Management Principles

Topics: Leadership, Management, Decision making Pages: 9 (2776 words) Published: April 16, 2011
Management Principles

1.1Dell’s initial mistake was moving away from being customer-service orientated, to focusing on generating more profit by cutting costs. They did not consider the impact this move would have on their customers and their market share. It produced negative results.

The Internal Environment was affected in the following ways:

Insufficient skills or training in the call centre, resulted in slower turn-around time to resolve or react to customer queries. The uncertain internal environment created frustrations amongst the staff, which in turn converted to frustrations amongst the customers i.e. long hold times, too many transfers, etc. This caused efficiency levels to drop.

The External Environment was affected in the following ways:

Dell, which should have been at the forefront of computer technology, started lagging behind. The company was not responding quickly enough to threats imposed by computer viruses. This frustrated Dell’s customers and therefore affected the company’s markets and its ability to compete in those markets. As a result, this created significant opportunities and threats for competitors. The unstable state of the economy could have also been a factor in Dell deciding to cut costs. But, instead of bringing in more income it backfired negatively. Call centre staff being employed on the basis of the Employment Equity Act could have limited Dell in not being able to employ staff with the necessary technical or customer service skills the company required.

1.2Dell’s planning process would entail the following:

Dell’s first step in the planning process would have been to identify any changes that necessitate planning. These changes can occur either outside or inside the company. Dell would need to establish goals that would give direction to all major plans. This would start with the vision, which would translate into a mission statement, which would translate into long-term goals for the company. The third step was for Dell’s management to agree on the planning assumptions or premises. This would be their assumption about the internal and external environment in which their plans would operate. Dell would then have needed to develop various courses of action i.e. identify and examine the most promising alternatives. Dell’s next step would have entailed the company evaluating the chosen options by comparing the various factors in light of the premises and goals. Dell would have selected the course of action they wanted to pursue. This would mean formulating supporting plans in line with the chosen course of action. Dell’s final step would be to convert the plans into budgets. Doing this would ensure Dell had sufficient resources to carry out the plans to achieve the company’s goals.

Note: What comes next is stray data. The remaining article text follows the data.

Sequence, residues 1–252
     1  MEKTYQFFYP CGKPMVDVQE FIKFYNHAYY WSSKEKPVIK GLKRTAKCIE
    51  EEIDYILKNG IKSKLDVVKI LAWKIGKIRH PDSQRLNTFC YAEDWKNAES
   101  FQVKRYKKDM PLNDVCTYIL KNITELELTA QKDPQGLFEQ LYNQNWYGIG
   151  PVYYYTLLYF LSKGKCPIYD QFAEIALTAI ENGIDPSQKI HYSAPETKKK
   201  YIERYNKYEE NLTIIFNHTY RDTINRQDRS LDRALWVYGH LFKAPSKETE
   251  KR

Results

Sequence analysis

1.3The following are barriers Dell could have encountered in its planning activities:

Ignoring the constantly changing external environment. This posed a challenge particularly for Dell, which was not keeping up with rapidly evolving technology and the problems that was brought about by this. Assuming that conditions in the environment would remain constant could also be a mistake. Lack of understanding of the company’s strategic plan. Dell’s plan could not have been clearly explained by management, which could have resulted in staff not understanding the company’s long-term goals. Poor understanding of the principles of goal formulation. Top-level management may have set goals for the company without having a clear understanding of challenges experienced at lower levels. On the other hand, lower level management may have been allowed to set the goals, which may have not aligned itself with the company’s long-term goals. Resistance to change. Employees may not have wanted to accept the proposed changes or align themselves with the company’s new goals and vision. Planning being time-consuming and expensive. Implementing the company’s new vision and goals may have been very costly...

References: Smit, P.J., Cronje, G.J., Brevis, T. and Vrba, M.J. (2011) Management Principles: A Contemporary Edition for Africa. 5th Edition. South Africa: Juta and Company Ltd
Botha, S., Cunningham, P., Musengi, S., Visser, K., Williams, O., Lots, J., Booysen, K., Stewart Smith, A., Bosch, A., & Banhegyi, S. (2007) Management: Fresh Perspectives. Cape Town: Pearson Education South Africa
George, J.M. & Jones, G.R. (2006) Contemporary Management: Creating Value in Organizations. 4th Edition. Boston: McGraw Hill
Hellriegel, D., Jackson, S.E., Slocum, J., Staude, G., Amos, T., Klopper, H.B., Louw, L. & Oosthuizen, T. (2005) Management. Second South African Edition. Cape Town: Oxford University Press
Slocum, J.W. & Hellriegel, D. (2007) Fundamentals of Organizational Behaviour. China: Thompson South-Western
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